The first is small and it didn’t matter that I messed it up and dropped the front end too soon. The third is too scary but there is a ride around.

      The second had a tree fall in it. Someone had already come along and cut a big chunk out of the top and laid a big rock and a smaller log to get through the chunk in the log. It looks really cool. Now typically when you see a feature like this on these trails, the other side has logs laid nicely to make it rollable.

      So I am coming from the first drop along a bench cut curve and lining up the notch in the downed tree. I come up real slow to roll the second drop. As my gaze gets past the log, I see there is no such roll out. I grab two handfuls of brake and try to put a foot down. But I put the wrong foot down and end up tumbling head first straight down hill on top of a fallen log with my bike still between my legs and my work bag pushing me down. Had to use my hands to walk myself off the log and off my bike. I have a handful of nice bruises (with scrapes on them) to show for this.

      After eying it up. I tried to roll it again but with my work bag and a high seat post plus a throbbing leg it wasn’t happening. I hope to go to Ray’s soon and try to work on these skills that I am still lacking.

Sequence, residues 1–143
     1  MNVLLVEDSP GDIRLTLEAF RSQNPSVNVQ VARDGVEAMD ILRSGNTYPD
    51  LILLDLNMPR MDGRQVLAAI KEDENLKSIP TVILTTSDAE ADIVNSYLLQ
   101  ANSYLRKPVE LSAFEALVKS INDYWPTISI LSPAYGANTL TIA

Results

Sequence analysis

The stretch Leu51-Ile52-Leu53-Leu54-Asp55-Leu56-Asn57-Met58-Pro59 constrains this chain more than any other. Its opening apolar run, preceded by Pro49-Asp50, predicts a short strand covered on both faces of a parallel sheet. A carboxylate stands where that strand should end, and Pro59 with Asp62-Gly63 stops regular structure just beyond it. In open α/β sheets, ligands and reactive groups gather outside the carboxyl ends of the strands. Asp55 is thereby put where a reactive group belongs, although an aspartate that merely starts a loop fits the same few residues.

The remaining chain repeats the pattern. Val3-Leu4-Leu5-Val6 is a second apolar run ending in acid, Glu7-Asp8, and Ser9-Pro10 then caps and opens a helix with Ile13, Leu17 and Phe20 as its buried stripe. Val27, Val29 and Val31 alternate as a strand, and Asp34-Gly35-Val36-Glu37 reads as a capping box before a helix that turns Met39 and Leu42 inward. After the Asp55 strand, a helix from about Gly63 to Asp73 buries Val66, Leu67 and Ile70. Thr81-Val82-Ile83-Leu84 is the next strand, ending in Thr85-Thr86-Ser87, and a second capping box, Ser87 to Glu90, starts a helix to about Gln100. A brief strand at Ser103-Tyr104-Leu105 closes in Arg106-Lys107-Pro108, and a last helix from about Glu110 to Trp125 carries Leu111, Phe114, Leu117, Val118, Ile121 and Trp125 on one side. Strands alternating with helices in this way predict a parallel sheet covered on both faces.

Insult to injury, when I got to the bottom of the trail, there is a single track climb back to the bike path and then a big climb home but of course that is when I run into a trail runner. He was very courteous and waved me on. I was ready to limp out but felt compelled to tough out the climb to honor his courtesy.

    • #279834

      @ vapidoscar  I can’t help but chuckle as I know issues like this all too well.  This emphasizes the point that even when you (think) you know an obstacle it might end up being different either because our memories aren’t perfect or, more likely, because trails are anything but stagnant.  Trees fall, logs move, dirt erodes, etc.  What once was a good line may now be anything but.  And the bruised ego usually hurts more than the bruised body… and can even take longer to heal.

      And I love your last point about the final climb where the runner waved you on… oh the things we do for pride!  I can definitely relate.  Lol.

    • #279856

      @rmap01 I’m still working on the ego from things that happened last year. But has been a mostly pain free 2019.

      I hit a couple sections on the way home to get back into it. I was surprisingly shaky but part of that was fallen leaves. The first section I plowed straight into a tree (slowly). I wanted to at least have one section go well to leave on a high note. It took two approaches on the final section but I was able to clean an awkward little decent and the punchy climb out.

      The weather has been anything but cooperative this year. We had the wettest possible spring. I don’t think much was open until July. Then last month, we had a micro burst, which is like a straight line tornado, that knocked down tons of trees. Erosion from all the rain made some of the more exciting sections into too scary. But with more weather, I’m sure it will change again some day.

    • #284295

      It’s only a ten mile ride; I can do it at the edge of dark in an hour….   And I don’t need no frigg’n light.  Oops.